The Double Life of Véronique (1991)

R   |    |  Drama, Fantasy, Music


The Double Life of Véronique (1991) Poster

Two parallel stories about two identical women; one living in Poland, the other in France. They don't know each other, but their lives are nevertheless profoundly connected.


7.8/10
37,127

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  • Irène Jacob and Krzysztof Kieslowski in The Double Life of Véronique (1991)
  • Philippe Volter in The Double Life of Véronique (1991)
  • The Double Life of Véronique (1991)
  • The Double Life of Véronique (1991)
  • Irène Jacob and Jerzy Gudejko in The Double Life of Véronique (1991)
  • Irène Jacob and Krzysztof Kieslowski in The Double Life of Véronique (1991)

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16 February 2000 | DeeNine-2
8
| Beautiful, but somewhat unaffecting
Much of this is an adoration of French actress Iréne Jacob by Director Krzysztof Kieslowski; in a sense it is a homage to her, one of the most beautiful actresses of our time and one of the most talented. If you've never seen her, this is an excellent place to begin. She has an earnest, open quality about her that is innocent and sophisticated at the same time so that everything a man might want in a young woman is realized in her. Part of her power comes from Kieslowski himself who has taught her how she should act to captivate. He has made her like a little girl fully grown, yet uncorrupted, natural, generous, kind, without pretension, unaffected. She is a dream, and she plays the dream so well.

The movie itself is very pretty, but somewhat unaffecting with only the slightest touch of blue (when the puppeteer appears by the curtain, the curtain is blue, and we know he is the one, since she is always red). The music by Zbignew Preisner is beautiful and lifts our spirits, highlighted by the soprano voice of Elzbieta Towarnicka. But the main point is Iréne Jacob, whom the camera seldom leaves. We see her from every angle, in various stages of dress and undress, and she is beautiful from head to toe. And we see her as she is filled with the joy of herself and her talent, with the wonder of discovery and the wonder of life, with desire, and with love.

Obviously this is not a movie for the action/adventure crowd. Everything is subtle and refined with only a gross touch or two (and no gore, thank you) to remind us of the world out there. Véronique accepts the little crudities of life with a generous spirit, the flasher, the two a.m. call, her prospective lover blowing his nose in front of her... She loves her father and old people. She is a teacher of children. She climaxes easily and fully. To some no doubt she is a little too good to be true. And she is, and that is Kieslowski's point: she is a dream. And such a beautiful dream.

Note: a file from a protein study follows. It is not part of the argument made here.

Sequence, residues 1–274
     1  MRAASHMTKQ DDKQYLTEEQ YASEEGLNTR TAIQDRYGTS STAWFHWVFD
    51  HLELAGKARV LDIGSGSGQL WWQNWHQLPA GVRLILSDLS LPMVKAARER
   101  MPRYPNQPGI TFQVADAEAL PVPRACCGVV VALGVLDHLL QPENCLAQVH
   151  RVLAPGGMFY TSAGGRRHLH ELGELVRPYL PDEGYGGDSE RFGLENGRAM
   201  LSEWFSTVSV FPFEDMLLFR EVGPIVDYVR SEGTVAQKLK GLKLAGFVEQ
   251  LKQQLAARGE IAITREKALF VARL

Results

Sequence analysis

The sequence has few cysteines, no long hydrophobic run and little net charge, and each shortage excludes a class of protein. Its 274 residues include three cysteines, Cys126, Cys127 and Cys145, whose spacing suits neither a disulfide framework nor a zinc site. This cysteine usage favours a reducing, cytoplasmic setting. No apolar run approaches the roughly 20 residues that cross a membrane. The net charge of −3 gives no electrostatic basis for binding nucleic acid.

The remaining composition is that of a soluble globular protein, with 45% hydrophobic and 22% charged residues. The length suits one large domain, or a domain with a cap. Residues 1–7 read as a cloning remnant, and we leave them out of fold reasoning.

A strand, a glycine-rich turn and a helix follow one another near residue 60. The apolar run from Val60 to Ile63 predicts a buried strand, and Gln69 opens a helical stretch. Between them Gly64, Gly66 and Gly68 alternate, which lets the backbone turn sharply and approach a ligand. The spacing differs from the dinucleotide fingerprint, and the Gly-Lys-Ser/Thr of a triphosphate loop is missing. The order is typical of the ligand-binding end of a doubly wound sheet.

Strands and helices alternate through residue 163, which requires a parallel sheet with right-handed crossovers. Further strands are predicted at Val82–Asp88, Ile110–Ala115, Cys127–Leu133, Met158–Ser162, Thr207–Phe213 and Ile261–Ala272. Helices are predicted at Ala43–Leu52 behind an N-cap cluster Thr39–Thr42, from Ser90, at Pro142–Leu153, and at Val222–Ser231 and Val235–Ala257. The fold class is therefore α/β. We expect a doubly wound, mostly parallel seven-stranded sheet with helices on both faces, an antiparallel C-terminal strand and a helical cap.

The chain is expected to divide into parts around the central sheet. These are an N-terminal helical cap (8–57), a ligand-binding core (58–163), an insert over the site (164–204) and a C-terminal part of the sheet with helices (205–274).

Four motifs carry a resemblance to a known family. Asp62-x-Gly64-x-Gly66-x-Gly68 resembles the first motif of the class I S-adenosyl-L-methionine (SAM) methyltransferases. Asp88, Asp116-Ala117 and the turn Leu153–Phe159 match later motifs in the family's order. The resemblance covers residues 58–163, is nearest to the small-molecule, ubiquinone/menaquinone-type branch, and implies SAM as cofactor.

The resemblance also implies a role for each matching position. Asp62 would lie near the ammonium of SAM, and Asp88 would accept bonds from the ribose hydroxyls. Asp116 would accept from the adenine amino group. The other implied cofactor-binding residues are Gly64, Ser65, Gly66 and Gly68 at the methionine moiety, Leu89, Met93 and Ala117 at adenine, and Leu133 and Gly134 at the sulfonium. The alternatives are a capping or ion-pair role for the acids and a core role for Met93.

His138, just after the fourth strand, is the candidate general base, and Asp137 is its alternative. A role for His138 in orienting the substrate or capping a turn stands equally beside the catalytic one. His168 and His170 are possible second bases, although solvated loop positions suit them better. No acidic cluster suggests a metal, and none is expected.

An actress playing the character twice in a slightly different way has occurred in at least two other films in the nineties: there was Patricia Arquette in David Lynch's Lost Highway (1997) and Gwyneth Paltrow in Sliding Doors (1998). It's an appealing venture for an actress of course and when the actress is as talented as these three are, for the audience as well.

Note that as Weronika/Véronique is in two worlds, Poland and France, so too has always been Kieslowski himself in his real life. It is interesting how he fuses himself with his star. This film is his way of making love to her.

Kieslowski died in 1996 not long after finishing his celebrated trilogy, Trois Couleurs: Bleu (1993); Rouge (1994) and Bialy (White) (1994). We could use another like him.

(Note: Over 500 of my movie reviews are now available in my book "Cut to the Chaise Lounge or I Can't Believe I Swallowed the Remote!" Get it at Amazon!)

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Did You Know?

Trivia

The role of Alexandre Fabbri, played by Philippe Volter, was originally offered to Italian actor-director Nanni Moretti.


Quotes

Alexandre Fabbri: Let's check and see if we're still bad for each other.


Goofs

When Weronika is at the window of the bus, she holds some papers up to Antek, who is on a motorcycle. The angle she's holding the papers at alternates from perfectly straight to slightly askew as the shot alternates repeatedly from back to front.


Alternate Versions

The American version features a different ending: in the original, Véronique drives to the house where her father is still living and pauses outside to touch a tree. He realizes that she's outside and raises his head from the bench where he's working. The American version features one minute of additional footage showing the father stepping outside the house, calling his daughter, and Véronique running into his arms. Kieslowski shot the additional sequences after the film's premiere at the New York Film Festival in 1991 at the insistence of Harvey Weinstein, who at the time was president of the film's US distributor, Miramax films.


Soundtracks

Verso il cielo
Music by
Zbigniew Preisner
Text from Dante Alighieri (as Dante)
Performed by Wielka Orkiestra Polskiego Radia Katowice (as Le Grand Orchestre de la Radio et Télévision Polonaise de Katowice), Chór Filharmonii Slaskiej (as Choeurs Philharmonique de Silésie), Elzbieta Towarnicka (soprano) and Jacek Ostaszewski (flute)
Conducted by Antoni Wit

Storyline

Plot Summary


Genres

Drama | Fantasy | Music | Mystery | Romance

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